From: J. Andrew Rogers (email@example.com)
Date: Sun Jan 04 2004 - 20:16:51 MST
On 1/4/04 5:20 PM, "Tommy McCabe" <firstname.lastname@example.org> wrote:
> --- "Perry E. Metzger" <email@example.com> wrote:
>> By the way, Tommy, eat any good pate de foie gras
>> lately? Mmm, tasty.
> I don't even know what that is.
> To rephrase: a
> 'sentient' organism is one that experiences qualia,
> and thus has the opportunity to experience negative
What is this qualia you speak of? Am I sentient or not, if I don't believe
I have qualia? You think you experience qualia, but do you really? Maybe
you just *think* you do.
The utility of this definition is obvious.
> I really don't have that good of an idea where
> the dividing line is on Earth, and I am not too eager
> to find out, because of people's tendency to
> rationalize to justify hurting animals.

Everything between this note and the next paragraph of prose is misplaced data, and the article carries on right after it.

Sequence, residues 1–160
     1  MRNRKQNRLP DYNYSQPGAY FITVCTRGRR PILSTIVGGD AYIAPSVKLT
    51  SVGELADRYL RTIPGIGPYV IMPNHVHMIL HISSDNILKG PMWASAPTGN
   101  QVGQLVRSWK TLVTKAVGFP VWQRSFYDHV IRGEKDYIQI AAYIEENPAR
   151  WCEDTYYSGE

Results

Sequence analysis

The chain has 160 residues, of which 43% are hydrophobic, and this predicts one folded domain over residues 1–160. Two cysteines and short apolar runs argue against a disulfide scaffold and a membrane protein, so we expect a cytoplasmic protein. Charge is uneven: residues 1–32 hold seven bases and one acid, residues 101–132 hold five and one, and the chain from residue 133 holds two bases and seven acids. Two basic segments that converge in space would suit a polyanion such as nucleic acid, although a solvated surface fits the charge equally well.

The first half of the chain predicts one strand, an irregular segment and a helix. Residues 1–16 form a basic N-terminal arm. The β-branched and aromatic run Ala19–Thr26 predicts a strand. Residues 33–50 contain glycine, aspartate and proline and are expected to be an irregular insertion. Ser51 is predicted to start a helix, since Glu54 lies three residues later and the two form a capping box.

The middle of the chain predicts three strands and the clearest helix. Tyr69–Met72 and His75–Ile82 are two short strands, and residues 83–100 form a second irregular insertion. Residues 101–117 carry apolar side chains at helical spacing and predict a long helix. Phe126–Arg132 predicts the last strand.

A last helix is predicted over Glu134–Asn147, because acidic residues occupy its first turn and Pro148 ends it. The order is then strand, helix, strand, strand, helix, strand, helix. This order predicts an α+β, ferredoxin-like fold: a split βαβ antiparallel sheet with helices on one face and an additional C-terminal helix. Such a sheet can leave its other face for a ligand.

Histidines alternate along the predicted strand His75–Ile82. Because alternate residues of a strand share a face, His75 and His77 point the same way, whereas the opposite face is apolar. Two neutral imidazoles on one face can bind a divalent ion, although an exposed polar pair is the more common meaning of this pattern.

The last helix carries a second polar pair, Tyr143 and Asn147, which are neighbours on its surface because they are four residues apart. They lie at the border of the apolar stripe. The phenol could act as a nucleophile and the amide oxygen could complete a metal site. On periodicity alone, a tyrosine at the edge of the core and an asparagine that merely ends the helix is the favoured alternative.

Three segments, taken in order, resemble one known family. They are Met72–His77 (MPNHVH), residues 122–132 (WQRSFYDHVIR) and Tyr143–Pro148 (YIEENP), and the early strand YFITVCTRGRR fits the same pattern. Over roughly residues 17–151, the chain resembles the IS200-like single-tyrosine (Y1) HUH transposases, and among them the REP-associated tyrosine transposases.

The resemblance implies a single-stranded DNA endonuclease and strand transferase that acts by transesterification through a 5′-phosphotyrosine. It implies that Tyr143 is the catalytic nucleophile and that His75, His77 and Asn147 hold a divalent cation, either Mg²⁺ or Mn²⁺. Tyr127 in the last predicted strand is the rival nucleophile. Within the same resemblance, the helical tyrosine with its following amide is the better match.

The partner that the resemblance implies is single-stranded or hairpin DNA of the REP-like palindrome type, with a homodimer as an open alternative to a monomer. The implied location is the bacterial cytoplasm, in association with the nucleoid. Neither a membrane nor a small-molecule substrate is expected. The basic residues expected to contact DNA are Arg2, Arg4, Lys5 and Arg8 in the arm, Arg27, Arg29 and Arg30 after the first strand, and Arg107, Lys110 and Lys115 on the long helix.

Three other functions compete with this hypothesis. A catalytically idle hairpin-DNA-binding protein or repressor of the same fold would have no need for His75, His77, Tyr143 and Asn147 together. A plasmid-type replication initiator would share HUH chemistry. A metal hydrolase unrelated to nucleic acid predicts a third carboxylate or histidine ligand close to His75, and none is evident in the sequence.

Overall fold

What makes you think sentience isn't a gradient, a continuous measure of
I think a much simpler answer is that humans draw the line where it is
convenient for them to do so. Some vegans exclude no animals, most humans
exclude all or most animals, some humans might excluded blacks or Jews, and
I could exclude everyone who is less intelligent than myself. None of these
is more correct than any other because they are all based on the apparently
false premise that sentience is an "obvious" Boolean property of all living
things rather than a continuous measure of an intrinsic property of some
types of machinery. I have yet to see a Boolean measure of sentience that
was anything but arbitrary.
Where the line is drawn doesn't really matter; its existence largely serves
as a cheap moral justification when killing another organism. No point in
sugar coating it or pretending that your line is objectively more special
than any other line. The universe doesn't recognize your line regardless.
-- J. Andrew Rogers (firstname.lastname@example.org)
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